this new bus shelter was put in front of my house about a week ago. it's amazing to me how beautiful it was without advertising or graffiti. (sadly, it now has meta-advertising in that spot, a "your ad here" kind of ad.)
seeing it, i found myself imagining what the world would be like if companies didn't feel the need to constantly clamor for our attention and our money. if every blank space we encounter during the course of a day wasn't plastered over with ugly, garish, distracting visual clutter. and think how much cheaper products and services could be if the cost of all that crap didn't get passed down to the consumer!
now, i have a strange relationship to advertising. i think i notice it more, and am less susceptible to it, because i am exposed to less of it -- i don't watch TV, listen to radio, read magazines or newspapers, or even see ads on the internet (thanks adblock!). and since i live in NYC, when i eat out it generally isn't at chains like Applebee's or Taco Bell.
i'm a company's nightmare when it comes to advertising. if i notice it at all, i find it aesthetically displeasing at best, and actively offensive at worst. i have definitely been known, in making purchasing decisions, to consciously decide against companies who have annoyed me in particularly obnoxious ways. i often notice ads but then am unable to recall what company was being advertised, even a few minutes afterward. Pepsi or Coke? Nike or Reebok? Washington Mutual or Wachovia?
with a very few exceptions, brands and companies are basically interchangeable as far as i'm concerned. at the grocery store, i mostly buy the cheapest brand, the generic version or whatever happens to be on sale. for anything else it's a combination of my own evaluation of the product (including my emotional reaction to it) vs. how much it costs, and if i need recommendations or advice i read customer reviews on the internet and ask my friends and family.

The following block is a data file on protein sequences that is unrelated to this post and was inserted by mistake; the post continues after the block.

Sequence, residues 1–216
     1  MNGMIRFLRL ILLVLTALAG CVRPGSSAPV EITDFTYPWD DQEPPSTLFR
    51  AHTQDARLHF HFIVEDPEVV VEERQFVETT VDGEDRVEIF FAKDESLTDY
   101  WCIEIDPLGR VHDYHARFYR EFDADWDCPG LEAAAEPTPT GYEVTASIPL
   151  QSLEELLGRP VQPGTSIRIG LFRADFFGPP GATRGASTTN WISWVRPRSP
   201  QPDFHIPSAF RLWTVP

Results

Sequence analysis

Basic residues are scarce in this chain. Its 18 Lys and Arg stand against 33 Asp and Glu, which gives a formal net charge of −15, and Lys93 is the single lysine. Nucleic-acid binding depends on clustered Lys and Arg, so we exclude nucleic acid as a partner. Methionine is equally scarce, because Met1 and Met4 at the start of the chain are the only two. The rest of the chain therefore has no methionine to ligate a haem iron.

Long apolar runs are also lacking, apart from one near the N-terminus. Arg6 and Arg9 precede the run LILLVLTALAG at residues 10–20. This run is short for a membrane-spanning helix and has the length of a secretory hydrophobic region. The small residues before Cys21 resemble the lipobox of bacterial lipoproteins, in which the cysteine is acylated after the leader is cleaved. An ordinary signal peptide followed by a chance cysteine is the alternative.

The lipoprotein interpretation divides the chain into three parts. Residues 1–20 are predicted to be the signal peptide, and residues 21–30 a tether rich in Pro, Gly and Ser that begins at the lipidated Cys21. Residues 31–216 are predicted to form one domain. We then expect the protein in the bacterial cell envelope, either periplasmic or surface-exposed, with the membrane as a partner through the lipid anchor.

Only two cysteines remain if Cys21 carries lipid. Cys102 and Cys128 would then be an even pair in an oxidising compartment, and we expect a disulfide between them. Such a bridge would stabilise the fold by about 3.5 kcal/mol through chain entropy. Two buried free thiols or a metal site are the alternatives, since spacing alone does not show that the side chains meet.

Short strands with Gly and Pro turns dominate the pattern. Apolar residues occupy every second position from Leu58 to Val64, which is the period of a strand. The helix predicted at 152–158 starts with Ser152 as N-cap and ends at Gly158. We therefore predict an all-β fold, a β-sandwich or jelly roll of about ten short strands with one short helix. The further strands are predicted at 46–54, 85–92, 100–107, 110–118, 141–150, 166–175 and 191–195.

it's funny, i recently had to call my credit card company to activate a new card, and they took the opportunity to attempt to get me to take them up on a balance transfer deal. now, the deal she offered me over the phone was one that they'd offered me online for some time, and i was seriously considering taking advantage of -- but i wanted to get them to waive the fee, so i told her i was kind of interested but wanted to think on it. well, she didn't budge on the fee, but boy did she not want to take "no" for an answer! in the end i'm left with a hugely negative feeling and am thinking i won't actually use that balance transfer, after all.
tangentially, i think this may be why i so dislike politics and am so disinclined to "follow" the pre-election lead-up the way that many people do. you may be surprised to learn that i have yet to see any video of Obama or McCain, and i'm not sure i'd even recognize McCain in a photograph. basically, political speeches are just advertising, and a particularly nasty sort of advertising at that. when it comes time to vote, i'll read up on their histories and voting records and read their stated platforms -- but i have no desire to listen to them trying to sell themselves to me, especially because i pretty much assume all politicians are dishonest and will say anything they feel will get them votes. as far as i'm concerned, it's content-free and annoying (because it tells me nothing "real" about the candidates and is also a too-blatant attempt to manipulate my actions).
maybe this is an introvert/extrovert thing; i don't consider myself a good judge of character (or at least, not of someone i'm not actually meeting in person), and prefer to make a decision based on facts, not emotions. i think that the only effect keeping up with politics would have is that i would be biased by emotional reactions to the candidates (which is exactly what they're trying to accomplish, after all), so i avoid exposure to that as much as possible.
i guess i just have a "pull" model for this sort of data; if i want to know, i'll do my own research, thankyouverymuch. i don't see an ad and then go "oh, i need one of those!"; if i have a need, i shop for it, but not otherwise.
is the internet going to change this business model? we're already seeing things like referral bonuses, Facebook applications, fake testimonials. "viral marketing" has become common parlance amongst the business-school crowd. but somehow, i don't see billboards ever going away.
which is sad, when you see something like this bus shelter and are reminded of all the beauty we're covering up. it's almost soothing, isn't it? so clean and modern. i was talking about this with squishyent and we came up with the idea of taking out advertising space in order to put art there. it's been officially added to the list of things i'm going to do if i ever become filthy rich.